Heather Sellers kisses strange men. She ignores her own mother at a convenience store, claims not to know her stepchildren when she sees them in an amusement park, and runs out of a potluck lunch after twice introducing herself to a woman she sees every day. Sellers has prosopagnosia, a disease that renders her unable to recognize faces-even those of people she’s known her whole life. But despite these hardships, Sellers remains a fundamentally optimistic person. In her memoir, You Don’t Look Like Anyone I Know , she tells her story of isolation, pain-and, ultimately, love-with what I can only imagine as a wry grin.
That story has a harsh beginning. Growing up with an undiagnosed schizophrenic for a mother and a cross-dressing alcoholic for a father, young Heather has no adults in her life with the empathy or insight to recognize that she, too, is suffering from an affliction. Her childhood has its moments of run-of-the-mill teenage angst-like when she yearns for grownup underwear or forbidden lip gloss-as well as true emotional distress. Her father abuses her physically. At age fourteen, she develops pica and secretly sucks on rocks and metal. As Heather grows older, however, she learns to accept her parents, her disease, and the fact that her life will always be somewhat of a mystery to her.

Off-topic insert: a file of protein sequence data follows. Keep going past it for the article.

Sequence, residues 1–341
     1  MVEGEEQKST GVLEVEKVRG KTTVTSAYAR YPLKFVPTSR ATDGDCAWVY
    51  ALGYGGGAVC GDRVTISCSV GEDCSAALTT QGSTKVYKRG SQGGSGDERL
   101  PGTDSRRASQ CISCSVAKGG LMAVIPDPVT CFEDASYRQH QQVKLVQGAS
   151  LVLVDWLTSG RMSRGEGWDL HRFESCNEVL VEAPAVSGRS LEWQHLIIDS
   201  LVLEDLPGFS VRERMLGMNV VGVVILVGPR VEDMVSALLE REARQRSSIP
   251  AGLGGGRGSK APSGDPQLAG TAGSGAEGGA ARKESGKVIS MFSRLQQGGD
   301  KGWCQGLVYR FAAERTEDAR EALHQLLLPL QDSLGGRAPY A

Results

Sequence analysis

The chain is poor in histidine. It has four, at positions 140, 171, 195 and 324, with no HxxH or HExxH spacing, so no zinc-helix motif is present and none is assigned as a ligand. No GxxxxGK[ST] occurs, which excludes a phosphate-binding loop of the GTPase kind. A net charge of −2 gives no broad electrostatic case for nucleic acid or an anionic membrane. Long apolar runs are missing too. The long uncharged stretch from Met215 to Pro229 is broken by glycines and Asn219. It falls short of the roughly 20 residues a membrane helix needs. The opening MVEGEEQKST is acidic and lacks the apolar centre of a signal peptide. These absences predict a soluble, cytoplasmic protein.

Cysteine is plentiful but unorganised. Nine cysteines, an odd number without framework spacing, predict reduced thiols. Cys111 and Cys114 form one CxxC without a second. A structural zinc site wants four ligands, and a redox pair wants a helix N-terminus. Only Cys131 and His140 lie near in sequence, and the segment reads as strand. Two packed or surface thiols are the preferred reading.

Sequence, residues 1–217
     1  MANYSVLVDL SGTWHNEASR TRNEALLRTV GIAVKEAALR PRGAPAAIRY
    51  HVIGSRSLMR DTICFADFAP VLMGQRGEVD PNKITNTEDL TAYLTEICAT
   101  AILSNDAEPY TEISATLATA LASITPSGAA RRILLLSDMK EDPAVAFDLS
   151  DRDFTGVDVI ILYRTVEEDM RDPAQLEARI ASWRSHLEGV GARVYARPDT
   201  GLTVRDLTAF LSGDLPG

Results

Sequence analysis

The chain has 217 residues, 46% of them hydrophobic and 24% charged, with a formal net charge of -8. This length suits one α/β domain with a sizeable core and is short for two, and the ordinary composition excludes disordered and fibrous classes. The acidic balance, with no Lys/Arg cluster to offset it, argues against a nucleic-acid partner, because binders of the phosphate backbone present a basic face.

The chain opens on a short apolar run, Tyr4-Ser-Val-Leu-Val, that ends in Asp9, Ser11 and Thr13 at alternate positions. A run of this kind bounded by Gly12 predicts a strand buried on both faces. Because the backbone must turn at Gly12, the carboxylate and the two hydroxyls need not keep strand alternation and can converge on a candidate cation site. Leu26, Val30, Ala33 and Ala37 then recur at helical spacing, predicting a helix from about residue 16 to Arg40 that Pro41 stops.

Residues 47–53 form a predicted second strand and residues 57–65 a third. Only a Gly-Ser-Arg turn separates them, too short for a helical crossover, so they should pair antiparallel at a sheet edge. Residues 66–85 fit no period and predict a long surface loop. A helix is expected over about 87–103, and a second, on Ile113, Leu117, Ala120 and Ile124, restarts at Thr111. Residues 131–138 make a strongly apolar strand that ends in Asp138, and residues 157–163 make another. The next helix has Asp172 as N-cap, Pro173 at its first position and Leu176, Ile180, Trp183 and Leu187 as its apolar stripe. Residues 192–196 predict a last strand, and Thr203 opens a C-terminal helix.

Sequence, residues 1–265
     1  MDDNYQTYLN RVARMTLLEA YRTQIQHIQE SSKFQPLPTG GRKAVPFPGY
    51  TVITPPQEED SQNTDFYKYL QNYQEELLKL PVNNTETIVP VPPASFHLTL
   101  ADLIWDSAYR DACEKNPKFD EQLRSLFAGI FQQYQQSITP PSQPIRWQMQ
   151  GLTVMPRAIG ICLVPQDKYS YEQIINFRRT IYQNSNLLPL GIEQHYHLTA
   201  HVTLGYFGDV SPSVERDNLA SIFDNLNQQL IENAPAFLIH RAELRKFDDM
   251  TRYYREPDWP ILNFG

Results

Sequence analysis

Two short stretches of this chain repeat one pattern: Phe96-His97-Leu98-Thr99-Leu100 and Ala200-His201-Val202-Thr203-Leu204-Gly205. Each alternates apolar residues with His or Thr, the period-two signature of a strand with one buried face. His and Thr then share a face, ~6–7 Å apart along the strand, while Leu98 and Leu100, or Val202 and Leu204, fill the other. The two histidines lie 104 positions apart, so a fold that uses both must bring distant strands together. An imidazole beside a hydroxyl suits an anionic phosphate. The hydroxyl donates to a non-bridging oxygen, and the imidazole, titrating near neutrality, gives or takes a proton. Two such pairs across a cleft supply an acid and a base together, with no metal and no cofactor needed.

You Don’t Look Like Anyone I Know is completely engrossing, in that I-just-walked-into-a-pole-while-reading kind of way. Not only are the events Sellers describes intriguing, but her affliction pushes her prose into evocative territory. Sellers, after all, can’t describe people physically, but she is fantastic at sensing the way people actually come across-such as when she describes her mother as “papery and difficult, like good stationery.” Sellers tells her story in snippets, moving back and forth through time. It’s a convoluted structure, but an appropriate one: It helps the reader empathize-just a little-with the author, who lives with confusion every day.
Sellers has a unique ability to see the hardships in her life as stepping stones towards success, and that’s both her great strength as a person as well as her major weakness as a narrator. As Mary Roach points out in her New York Times review , Sellers is a person “devoid of bitterness.” When she finds out about her disease she does not just feel sorry for herself, but instead participates in research studies so that she can be active in finding a cure. Instead of wallowing after her divorce, she makes an effort to stay connected with her stepchildren and works on herself as a parent. Although her own parents have caused her immeasurable pain, she still loves them without reservation. “If I could love these people,” she says of her mother and father at one point, “who could I not love?”
While unconditional love may be an asset in her personal life, this barrage of tenderness can be irritating to read about. At times her piety makes it seem like she is not only flawless, but almost divinely forgiving. However, as long as you can take her righteousness with a grain of salt, Sellers’ story is a fascinating one.